A 17-year-old girl is making history by becoming the first Black swimmer to represent Zimbabwe in the Olympics. If you’re amazed that it took until 2021 for that to happen, trust me, you’re not alone.
According to the Associated Press, Donata Katai won gold medals in both the 50-meter and 100-meter backstroke in the 2019 African Junior Championships in Tunisia. In addition to taking gold medals, Katai also broke the youth records of two-time Olympic champion Kirsty Coventry on her way to the Olympics. Coventry is Zimbabwe’s most decorated Olympian, and like most swimmers who have represented the country, she’s white.
Overall, swimming hasn’t been the most diverse Olympic sport. American swimmer Simone Manuel, a Black woman, won the gold medal in the 100-meter freestyle during the 2016 Olympic games. Her victory began a conversation on the lack of diversity in the sport. On a global scale, that seems to be gradually changing as Great Britain will also see 24-year-old Alice Dearing become the first Black woman to represent the country in the games. (If the Olympics could get it together when it comes to inclusive swim gear, we might actually be getting somewhere.)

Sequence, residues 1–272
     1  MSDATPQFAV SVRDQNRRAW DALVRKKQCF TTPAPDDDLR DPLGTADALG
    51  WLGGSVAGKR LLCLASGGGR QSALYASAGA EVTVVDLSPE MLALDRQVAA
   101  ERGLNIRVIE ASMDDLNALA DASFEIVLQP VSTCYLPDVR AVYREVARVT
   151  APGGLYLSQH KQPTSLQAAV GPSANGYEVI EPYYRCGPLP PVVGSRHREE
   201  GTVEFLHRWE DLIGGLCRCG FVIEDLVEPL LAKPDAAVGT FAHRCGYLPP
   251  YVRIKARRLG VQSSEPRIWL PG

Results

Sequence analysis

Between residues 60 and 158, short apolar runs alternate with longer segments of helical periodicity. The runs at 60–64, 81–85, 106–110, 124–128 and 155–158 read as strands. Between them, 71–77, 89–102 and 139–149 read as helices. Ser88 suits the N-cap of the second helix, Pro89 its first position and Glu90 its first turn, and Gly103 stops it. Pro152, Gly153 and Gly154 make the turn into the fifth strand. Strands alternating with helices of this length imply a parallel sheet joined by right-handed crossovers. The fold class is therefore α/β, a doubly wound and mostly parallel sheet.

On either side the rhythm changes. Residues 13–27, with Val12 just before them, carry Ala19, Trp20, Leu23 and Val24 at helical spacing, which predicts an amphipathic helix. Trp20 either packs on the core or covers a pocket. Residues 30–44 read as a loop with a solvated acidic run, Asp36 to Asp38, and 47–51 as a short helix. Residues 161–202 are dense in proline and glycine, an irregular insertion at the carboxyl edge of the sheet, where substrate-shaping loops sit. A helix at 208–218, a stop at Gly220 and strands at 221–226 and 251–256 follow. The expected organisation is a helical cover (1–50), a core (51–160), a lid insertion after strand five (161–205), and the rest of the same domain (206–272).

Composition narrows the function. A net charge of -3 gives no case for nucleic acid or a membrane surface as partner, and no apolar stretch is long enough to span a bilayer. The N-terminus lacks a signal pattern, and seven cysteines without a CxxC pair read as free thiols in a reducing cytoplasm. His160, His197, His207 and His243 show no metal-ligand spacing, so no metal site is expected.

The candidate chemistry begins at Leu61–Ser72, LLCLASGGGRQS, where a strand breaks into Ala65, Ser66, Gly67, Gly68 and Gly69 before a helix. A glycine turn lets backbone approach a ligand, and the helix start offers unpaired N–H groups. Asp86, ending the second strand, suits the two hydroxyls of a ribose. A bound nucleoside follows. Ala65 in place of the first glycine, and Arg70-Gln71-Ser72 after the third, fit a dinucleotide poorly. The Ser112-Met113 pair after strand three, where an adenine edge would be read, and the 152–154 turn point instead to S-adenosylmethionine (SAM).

Katai’s accomplishment is striking because she comes from a country that’s 99 percent Black, yet has never had a Black swimmer represent them in the Olympic games. In speaking with AP News, Katai seems to have hope that will change in coming years.
“I feel like we swim in very different environments because in America there are not many people of color that swim. In Zimbabwe, the majority of people that swim at the moment are people of color. I guess her (Manuel’s) story would be very different from mine,” Katai told AP. “There’s a lot of people of color that take part in the sport. It’s kind of becoming normal for me in Zimbabwe.”
Katai comes from a middle-class background and has been swimming competitively since she was 6 years old. By the age of 8, her talent had already attracted the interest of some of the country’s top swimming coaches. Her current coach, Kathy Lobb, praised her talent and told AP that Katai going to the Olympics is also a dream come true for her.
“The best I’ve done is world champs and African Games. So for me this is the ultimate,” Lobb told AP. “It’s every coach’s dream to have a swimmer coming through and taking them to the Olympics.”
After a year’s delay, Katai is excited to finally be able to display her talents on the world stage. “I think it’s (the Olympics) going to be like sort of a movie. It’s going to be unreal. Being around a lot of people I watch on TV, look up to in a way, then be right there in front of me, being able to watch them,” Katai told AP News.
“I think it’s going to be an unreal experience for me, but definitely one I’m looking forward to,” she added.